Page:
It’s a masterful work and will remain a first port-of-call reference point for anyone thinking or writing about the last two years.
What could be the best books on the vaccine story have only recently emerged – an acclaimed volume, The First Shots by journalist Brendan Borrell and another with rave reviews, A Shot to Save the World by Gregory Zuzkerman from The Wall Street Journal.
Another great political story – now so long ago but still as eye-popping in many ways as anything from contemporary life – is the life of John Fitzgerald Kennedy, the self-styled war hero and coddled son of one of America’s richest families.
Fredrik Logevall has dropped a supernova of biography, simply titled JFK: Volume One. It clocks in at 792 pages, with endnotes and the index, but 647 of those are an action packed, no detail missing account of Kennedy’s personal and early political life.
Logevall, a Harvard University professor and winner of a Pulitzer Prize for a volume on the US and Vietnam, has approached his task to map and explain one of the great political stories of the 20th Century with a careful consideration and deep insight not dissimilar to the Titan of Biography, Robert Caro, who is still finishing the last of five volumes on Lyndon Baines Johnson.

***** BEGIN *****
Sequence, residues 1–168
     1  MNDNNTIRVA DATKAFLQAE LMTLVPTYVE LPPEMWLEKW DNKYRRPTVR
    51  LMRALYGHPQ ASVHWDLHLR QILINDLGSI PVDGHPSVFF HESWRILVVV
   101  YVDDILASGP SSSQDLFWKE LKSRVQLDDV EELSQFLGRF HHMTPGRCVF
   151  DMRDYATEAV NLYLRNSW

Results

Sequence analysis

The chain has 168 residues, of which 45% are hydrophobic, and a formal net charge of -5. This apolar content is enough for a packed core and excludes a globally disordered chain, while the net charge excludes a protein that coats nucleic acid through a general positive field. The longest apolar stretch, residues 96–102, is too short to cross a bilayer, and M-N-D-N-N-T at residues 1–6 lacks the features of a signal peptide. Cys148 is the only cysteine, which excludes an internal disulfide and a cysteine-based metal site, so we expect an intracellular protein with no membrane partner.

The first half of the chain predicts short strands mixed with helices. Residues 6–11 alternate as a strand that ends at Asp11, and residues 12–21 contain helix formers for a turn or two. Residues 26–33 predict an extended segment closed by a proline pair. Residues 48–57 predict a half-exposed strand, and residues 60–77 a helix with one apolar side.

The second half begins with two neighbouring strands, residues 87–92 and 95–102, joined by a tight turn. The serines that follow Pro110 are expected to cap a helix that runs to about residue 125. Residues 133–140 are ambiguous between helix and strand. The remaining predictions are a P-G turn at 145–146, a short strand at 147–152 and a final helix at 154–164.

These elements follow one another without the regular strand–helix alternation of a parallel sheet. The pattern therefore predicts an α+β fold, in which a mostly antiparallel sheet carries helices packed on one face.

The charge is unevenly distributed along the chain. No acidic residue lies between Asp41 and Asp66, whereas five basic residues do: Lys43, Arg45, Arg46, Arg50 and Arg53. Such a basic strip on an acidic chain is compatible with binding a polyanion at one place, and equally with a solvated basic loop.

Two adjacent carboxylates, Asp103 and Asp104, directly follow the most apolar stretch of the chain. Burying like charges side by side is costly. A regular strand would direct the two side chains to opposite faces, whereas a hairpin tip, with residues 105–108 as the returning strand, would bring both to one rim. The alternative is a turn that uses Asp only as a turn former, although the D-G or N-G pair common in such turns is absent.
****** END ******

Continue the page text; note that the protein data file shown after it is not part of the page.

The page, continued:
It will stand in the first class of American presidential biography and the second volume, which will chart JFK’s election and all too brief time in office, is eagerly awaited.
For the moment we’re content with scintillating detail such as the time JFK sought out “female companionship” for his father, business giant and one time ambassador Joseph Patrick Kennedy, in a Washington bar, in company with his brothers Teddy and Bobbie.
Three power list political sons pimping for their tycoon daddy. What would the tabloids say today?
With a federal election just around the corner, it was refreshing to reread some basic primers, starting with an often neglected modern must-read, The Victory Lab: The Secret Science of Winning Campaigns.
Washington journalist for Bloomberg Politics and Monocle magazine Sasha Issenberg lifts the hood on the new campaign operating system which is as different to the 1990s model as the Tesla is to a Holden.
The new thinkers, internet savvy and carrying enough tech weaponry to transform a state the size of California, can find voters with terrifying precision and send messages that are geolocated and demographically itemised.
This is the kind of campaigning Barack Obama used in 2008, switching on the Voter Activation Network, an internet device that matched voter segments to preferences of all kinds, cross-referenced with locations and targeted with an accuracy the Pentagon would envy.